Five Chuckle-Worthy Media Moments in Atlas Shrugged

In the future, newspapers will replace the internet, and the iPhone will be conspicuous by its absence.

Apparently, the future will be devoid of social media. I saw Atlas Shrugged over the weekend, the movie adapted from the (gargantuan) novel by Ayn Rand. As expected, the performances were heroically wooden, making Rand’s prose seem almost fluid. If you played a drinking game and took a shot every time someone spoke with a contraction, you’d walk away sadly sober.

So, Atlas Shrugged met expectations.

What’s interesting, though, is the subtle ways in which the movie was screwed up. It was smart to set the film in 2016, and I’m sure the target market will be psyched to see Middle East instability cited as the cause of economic mayhem across the United States and around the world. A few, I’m sure, will actually treat it as a cautionary tale. To do so, though, is to miss the point entirely.

There’s some hilarious stuff in Atlas Shrugged, and I’m not just talking about the soap opera-style shooting or dialogue that sounds inspired by a teleprompter. For media junkies, who should see the movie just for fun, there some moments where you’ll invite the ire of others in the theater either by laughing or questioning aloud, “WTF?”

So, let’s take a look at the hilarious 2016 media landscape you’ll find in Atlas Shrugged:

1. People read the newspaper: I was stunned to see newspaper imagery used to advance the narrative. Headlines were splashed across the screen, as if they carried weight. And, they weren’t just a plot device. The characters took them seriously. When stepping off the train from New York to Philly, protagonist Dagny Taggart dramatically reached for a newspaper (for which she paid) to read an alarming front-page headline.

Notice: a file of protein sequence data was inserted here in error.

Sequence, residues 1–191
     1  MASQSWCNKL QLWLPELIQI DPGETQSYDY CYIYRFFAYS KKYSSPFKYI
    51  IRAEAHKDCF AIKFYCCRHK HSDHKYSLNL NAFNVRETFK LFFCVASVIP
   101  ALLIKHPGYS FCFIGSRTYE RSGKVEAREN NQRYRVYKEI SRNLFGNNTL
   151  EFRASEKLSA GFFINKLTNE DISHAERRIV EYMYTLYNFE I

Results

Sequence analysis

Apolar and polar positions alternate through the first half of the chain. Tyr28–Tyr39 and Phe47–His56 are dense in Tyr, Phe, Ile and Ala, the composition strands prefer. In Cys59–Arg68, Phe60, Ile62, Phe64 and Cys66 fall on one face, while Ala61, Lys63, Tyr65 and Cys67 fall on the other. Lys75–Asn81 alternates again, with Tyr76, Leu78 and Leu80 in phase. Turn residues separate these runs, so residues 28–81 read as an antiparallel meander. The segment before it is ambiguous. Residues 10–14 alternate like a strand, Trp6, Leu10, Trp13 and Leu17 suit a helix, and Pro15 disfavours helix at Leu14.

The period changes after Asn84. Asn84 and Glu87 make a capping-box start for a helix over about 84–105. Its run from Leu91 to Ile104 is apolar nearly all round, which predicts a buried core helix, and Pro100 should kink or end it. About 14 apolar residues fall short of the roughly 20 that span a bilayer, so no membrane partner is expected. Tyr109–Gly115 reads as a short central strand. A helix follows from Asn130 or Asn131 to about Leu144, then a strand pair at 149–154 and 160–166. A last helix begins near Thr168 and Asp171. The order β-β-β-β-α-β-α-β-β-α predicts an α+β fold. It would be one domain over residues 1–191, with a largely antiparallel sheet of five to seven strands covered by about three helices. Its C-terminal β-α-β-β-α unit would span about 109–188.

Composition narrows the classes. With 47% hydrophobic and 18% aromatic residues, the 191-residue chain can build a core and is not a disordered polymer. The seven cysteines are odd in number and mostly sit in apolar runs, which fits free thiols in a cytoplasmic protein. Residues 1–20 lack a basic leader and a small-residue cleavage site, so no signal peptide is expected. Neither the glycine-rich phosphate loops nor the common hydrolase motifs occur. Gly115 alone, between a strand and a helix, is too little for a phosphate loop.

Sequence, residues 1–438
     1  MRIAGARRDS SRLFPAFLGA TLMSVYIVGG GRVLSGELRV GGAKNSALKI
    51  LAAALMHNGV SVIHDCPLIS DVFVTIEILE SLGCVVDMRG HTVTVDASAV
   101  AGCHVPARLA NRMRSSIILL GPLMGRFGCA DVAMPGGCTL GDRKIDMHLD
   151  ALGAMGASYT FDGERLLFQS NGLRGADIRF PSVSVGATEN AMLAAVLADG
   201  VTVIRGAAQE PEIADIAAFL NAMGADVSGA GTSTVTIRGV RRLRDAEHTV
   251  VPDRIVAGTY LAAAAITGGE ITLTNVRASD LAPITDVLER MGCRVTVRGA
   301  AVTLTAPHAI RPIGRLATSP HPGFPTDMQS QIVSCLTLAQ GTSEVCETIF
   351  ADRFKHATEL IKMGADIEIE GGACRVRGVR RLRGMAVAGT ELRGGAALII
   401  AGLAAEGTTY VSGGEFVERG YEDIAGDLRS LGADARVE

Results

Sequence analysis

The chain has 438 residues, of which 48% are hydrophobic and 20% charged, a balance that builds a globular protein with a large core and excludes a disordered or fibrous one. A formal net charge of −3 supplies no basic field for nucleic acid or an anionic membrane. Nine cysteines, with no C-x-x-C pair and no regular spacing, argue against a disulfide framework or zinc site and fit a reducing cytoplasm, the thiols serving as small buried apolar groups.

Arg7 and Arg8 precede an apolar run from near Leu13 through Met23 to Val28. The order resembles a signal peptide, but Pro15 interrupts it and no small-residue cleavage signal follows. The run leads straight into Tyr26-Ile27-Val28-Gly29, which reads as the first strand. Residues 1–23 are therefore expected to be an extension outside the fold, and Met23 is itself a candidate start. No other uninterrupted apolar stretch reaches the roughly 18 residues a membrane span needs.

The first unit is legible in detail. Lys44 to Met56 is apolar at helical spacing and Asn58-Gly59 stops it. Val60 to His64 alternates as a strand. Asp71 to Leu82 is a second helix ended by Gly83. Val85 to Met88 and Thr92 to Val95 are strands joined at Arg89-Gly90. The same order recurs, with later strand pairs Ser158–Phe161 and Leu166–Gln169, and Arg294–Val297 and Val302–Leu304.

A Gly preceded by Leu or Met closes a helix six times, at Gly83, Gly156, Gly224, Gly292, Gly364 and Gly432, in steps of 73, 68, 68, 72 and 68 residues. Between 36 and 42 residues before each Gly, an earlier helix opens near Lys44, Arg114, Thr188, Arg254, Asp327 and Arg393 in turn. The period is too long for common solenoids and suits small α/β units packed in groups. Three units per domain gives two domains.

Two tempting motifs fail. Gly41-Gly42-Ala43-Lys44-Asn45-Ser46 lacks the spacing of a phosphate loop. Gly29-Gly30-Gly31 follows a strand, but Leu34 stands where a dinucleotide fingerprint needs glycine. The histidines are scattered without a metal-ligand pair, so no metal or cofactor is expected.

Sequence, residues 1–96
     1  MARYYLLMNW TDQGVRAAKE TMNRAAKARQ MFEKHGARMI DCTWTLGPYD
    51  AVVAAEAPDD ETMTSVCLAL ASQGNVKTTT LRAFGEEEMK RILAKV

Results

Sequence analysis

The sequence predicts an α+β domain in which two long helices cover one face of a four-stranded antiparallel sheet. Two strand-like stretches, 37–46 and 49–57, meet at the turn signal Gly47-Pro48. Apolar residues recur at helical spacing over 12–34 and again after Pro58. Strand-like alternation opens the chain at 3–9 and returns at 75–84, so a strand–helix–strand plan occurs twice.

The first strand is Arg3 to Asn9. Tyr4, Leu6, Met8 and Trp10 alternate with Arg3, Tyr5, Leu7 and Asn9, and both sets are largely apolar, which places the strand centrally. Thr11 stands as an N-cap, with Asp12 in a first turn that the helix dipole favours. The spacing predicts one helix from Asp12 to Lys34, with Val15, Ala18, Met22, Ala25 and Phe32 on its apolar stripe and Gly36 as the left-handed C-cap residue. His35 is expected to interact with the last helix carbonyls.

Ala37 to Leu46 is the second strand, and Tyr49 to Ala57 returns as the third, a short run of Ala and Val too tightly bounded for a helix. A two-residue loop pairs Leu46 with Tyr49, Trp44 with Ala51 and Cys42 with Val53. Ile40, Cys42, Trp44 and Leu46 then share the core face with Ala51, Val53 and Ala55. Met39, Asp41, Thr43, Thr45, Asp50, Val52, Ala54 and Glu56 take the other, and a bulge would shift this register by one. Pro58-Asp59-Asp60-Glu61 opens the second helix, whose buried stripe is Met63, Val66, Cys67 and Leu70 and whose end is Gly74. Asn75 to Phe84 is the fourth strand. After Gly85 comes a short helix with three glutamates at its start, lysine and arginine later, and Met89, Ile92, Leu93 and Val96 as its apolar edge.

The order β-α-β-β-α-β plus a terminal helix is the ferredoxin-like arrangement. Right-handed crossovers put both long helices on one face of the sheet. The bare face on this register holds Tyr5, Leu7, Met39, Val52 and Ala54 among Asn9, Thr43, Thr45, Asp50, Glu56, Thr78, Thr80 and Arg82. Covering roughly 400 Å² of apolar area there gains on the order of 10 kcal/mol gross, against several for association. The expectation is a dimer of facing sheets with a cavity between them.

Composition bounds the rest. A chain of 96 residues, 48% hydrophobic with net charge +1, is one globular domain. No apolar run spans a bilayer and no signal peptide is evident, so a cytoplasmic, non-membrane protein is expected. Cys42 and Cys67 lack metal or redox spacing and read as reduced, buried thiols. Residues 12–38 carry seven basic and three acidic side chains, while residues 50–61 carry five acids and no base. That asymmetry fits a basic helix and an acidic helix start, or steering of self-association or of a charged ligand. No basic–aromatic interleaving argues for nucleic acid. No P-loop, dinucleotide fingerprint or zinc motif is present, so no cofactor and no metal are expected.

2. Not an iPhone to be seen: as a BlackBerry devotee I was excited to see the device still around in 2016, even though the legions of Droid and iPhone user are ready to write the smartphone’s obituary. This was the only smartphone to make an appearance in the movie, which I have to admit, feels a tad optimistic. You can suspend disbelief by figuring that BlackBerry’s prominence comes from the fact that we’re seeing business users communicate, but it’s still somewhat difficult to digest (even for me).

3. The couch potatoes win: why is television faring far better than the newspaper sector? Well, it’s helped along by live events, which are harder to replicate online (and which the broadcasters have strangleholds on), but the real reason is that people still get excited about plopping down on the couch and clicking through the channels. Since television is about as prevalent as the newspaper in Atlas Shrugged, it looks like people are still committed to lethargy … only they’re finally realizing consequences in 2016 (chuckle).

4. Face-to-face supremacy: despite all the phones (land lines), smartphones and computers in the movie (though many of the desks seemed to lack them, strangely), the characters would travel long distances to have conversations that could easily take place over the phone. Cells only came into play when a character was in transit. Skype, apparently, won’t make it to 2016. Don’t worry, though: the airlines won’t either.

5. The internet is Reuters: seriously, the only web page I saw in the movie was No Gawker, no Huffington Post, no Business Insider. There wasn’t even a newspaper’s website, which would have been an easy fix, given #1 above. News obviously pushed the story along in Atlas Shrugged, so the outlets were definitely prominent. So, to have Reuters as the lone online rep … #FAIL (not that there was a single hashtag in the flick).

[photo by cliff1066 via Flickr]

Publish date: April 20, 2011 © 2020 Adweek, LLC. - All Rights Reserved and NOT FOR REPRINT